Shelters find jobs for ‘unadoptable’ cats
PHILADELPHIA — Gary wasn’t used to being around people. He didn’t like being touched, or even looked at. If anyone came too close, he’d lash out.
He was perfect for the job. Because at the “Working Cats” program, no manners is no problem.
Philadelphia’s Animal Care and Control Team established the program about four years ago to place unadoptable cats — the biters and the skittish, the swatters and the ones who won’t use a litter box — into jobs as mousers at barns or stables.
The shelter recently expanded the program to move cats that were less-than-ideal pets into urban jobs at places like factories and warehouses as a sort of green pest control. The animals are microchipped, vaccinated and free of charge.
“Part of the reason cats became domesticated was to get rid of the rodent population,” said Ame Dorminy, ACCT’s spokeswoman. “We took advantage of their natural propensity to hunt and made an official program out of it.”
Cats identified as a good match for the program are kept in a separate aisle at the shelter in a row called “TTA” — time to adjust. On a recent visit, a low growl could be heard from a cage housing a male named Spike, whose intake sheet listed his qualifications: hissing, swatting, spitting, can’t be picked up. A few doors down, Prince was standoffish at the rear of his cage.
Just because cats don’t want to be petted or snuggle on a lap doesn’t mean they can’t have good lives, Dorminy said.
“A lot of these cats feel more comfortable when they can be themselves and use natural behaviors,” she said. “Then they’re more open to human interaction because they feel more confident.”
At Bella Vista Beer Distributors, mice were gnawing on bags of chips overnight, leaving a mess and forcing staffers to throw out about 15 bags a day, said owner Jordan Fetfatzes.
They tried exterminators, but nothing worked. An employee found ACCT’s program online and Fetfatzes eventually decided on Gary, a white male with one blue eye and one green that had “behavioral issues.” Gary wasn’t accustomed to people and would hiss from the crate. At first, Gary would stay in the office and would only go into the warehouse after hours.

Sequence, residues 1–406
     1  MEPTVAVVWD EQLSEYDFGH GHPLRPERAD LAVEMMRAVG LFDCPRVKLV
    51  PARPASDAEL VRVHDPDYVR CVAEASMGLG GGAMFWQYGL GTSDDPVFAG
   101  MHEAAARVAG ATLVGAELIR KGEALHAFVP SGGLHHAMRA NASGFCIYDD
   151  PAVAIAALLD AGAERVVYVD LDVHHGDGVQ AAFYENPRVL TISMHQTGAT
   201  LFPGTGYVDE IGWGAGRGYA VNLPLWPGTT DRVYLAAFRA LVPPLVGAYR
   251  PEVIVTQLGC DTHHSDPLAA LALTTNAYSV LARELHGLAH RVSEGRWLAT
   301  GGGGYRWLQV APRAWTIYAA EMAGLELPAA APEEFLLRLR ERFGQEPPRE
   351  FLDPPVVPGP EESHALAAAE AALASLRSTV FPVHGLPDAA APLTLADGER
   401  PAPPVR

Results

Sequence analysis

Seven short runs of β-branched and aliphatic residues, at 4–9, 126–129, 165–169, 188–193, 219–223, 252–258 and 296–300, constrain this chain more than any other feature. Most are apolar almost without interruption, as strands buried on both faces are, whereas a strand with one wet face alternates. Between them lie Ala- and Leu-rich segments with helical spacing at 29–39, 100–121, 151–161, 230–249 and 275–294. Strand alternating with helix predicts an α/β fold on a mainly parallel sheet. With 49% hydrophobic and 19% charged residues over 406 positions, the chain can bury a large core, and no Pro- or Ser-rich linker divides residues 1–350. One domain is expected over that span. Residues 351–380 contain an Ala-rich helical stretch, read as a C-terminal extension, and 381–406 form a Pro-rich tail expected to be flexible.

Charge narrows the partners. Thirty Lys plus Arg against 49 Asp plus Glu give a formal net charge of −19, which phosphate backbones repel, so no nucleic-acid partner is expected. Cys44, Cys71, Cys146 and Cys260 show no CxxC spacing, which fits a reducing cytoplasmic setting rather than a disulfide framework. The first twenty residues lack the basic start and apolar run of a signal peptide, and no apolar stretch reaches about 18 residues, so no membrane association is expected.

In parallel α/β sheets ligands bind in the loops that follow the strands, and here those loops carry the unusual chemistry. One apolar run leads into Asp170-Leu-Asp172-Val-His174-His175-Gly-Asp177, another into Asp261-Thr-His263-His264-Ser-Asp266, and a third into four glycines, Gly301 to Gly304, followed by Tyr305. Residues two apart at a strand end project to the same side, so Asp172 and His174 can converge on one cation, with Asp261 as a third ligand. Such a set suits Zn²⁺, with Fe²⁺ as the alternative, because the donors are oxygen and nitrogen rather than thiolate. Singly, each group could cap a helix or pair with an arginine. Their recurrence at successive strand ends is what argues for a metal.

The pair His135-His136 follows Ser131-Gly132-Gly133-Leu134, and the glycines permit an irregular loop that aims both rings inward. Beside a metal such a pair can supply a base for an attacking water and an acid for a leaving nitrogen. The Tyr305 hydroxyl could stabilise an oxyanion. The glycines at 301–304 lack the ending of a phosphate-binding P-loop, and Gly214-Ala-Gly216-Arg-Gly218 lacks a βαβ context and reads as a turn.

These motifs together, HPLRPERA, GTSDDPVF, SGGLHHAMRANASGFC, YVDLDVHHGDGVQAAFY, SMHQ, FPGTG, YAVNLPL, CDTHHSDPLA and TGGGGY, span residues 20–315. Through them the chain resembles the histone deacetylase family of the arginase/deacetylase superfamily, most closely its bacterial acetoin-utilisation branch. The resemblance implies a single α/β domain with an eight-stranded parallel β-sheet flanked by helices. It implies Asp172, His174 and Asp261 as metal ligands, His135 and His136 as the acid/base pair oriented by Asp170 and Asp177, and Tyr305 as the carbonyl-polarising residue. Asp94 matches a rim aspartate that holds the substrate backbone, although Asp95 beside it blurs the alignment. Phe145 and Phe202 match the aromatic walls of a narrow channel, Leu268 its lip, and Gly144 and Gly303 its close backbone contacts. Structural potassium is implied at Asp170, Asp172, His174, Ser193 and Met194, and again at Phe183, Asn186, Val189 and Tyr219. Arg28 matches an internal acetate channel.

As the weeks passed, he warmed up to workers and customers, and has transformed into a sweet, playful mascot with free rein of the store.
“My only complaint is sometimes he gets in the way of a transaction,” said Fetfatzes, who describes himself as a “dog guy” who’s turned in to a cat lover thanks to Gary.
Neighborhood kids come in just to say hi to him, and he loves to play soccer with a worker who balls up cash register tape and kicks it around as Gary bats at it.
As for the mice, they vanished, seemingly repelled by Gary’s scent, Fetfatzes said.
“You’re not only saving your business money, you are helping save the life of an unwanted pet,” he said. “And in this case, we made a friend.”
A number of shelters around the country have working cat programs. One of the first, in Los Angeles, launched in 1999. Many focus on placing feral cats into barns and stables. Chicago’s Tree House Humane Society places feral cats at condos and suburban backyards. Pennsylvania’s Society for the Prevention of Cruelty to Animals puts its feral cats to work in all kinds of jobs, from barns to breweries.
Todd Curry wasn’t exactly sure what was inside the dumpster next door to the Emerald Windows showroom, but it seemed like a free buffet for rats.
“It was almost comical,” he said, comparing it to a scene in the animated film “Ratatouille” with seemingly hundreds of rats streaming out of the dumpster.
Traps didn’t work, said Curry, the company’s vice president of sales, so they brought in Shelley from ACCT’s program.
Soon, dismembered rat carcasses started appearing. Now the rodents just stay away.
And Shelley, which was given to the shelter after biting her family’s kids, has come out of her shell, craving petting and attention, Curry said.
“The only reason she was here was for the rats, but it has turned into a lot more than that,” he said, adding she functions as a workplace stress reliever.
“It’s nice to see these cats put to use, not put down.”
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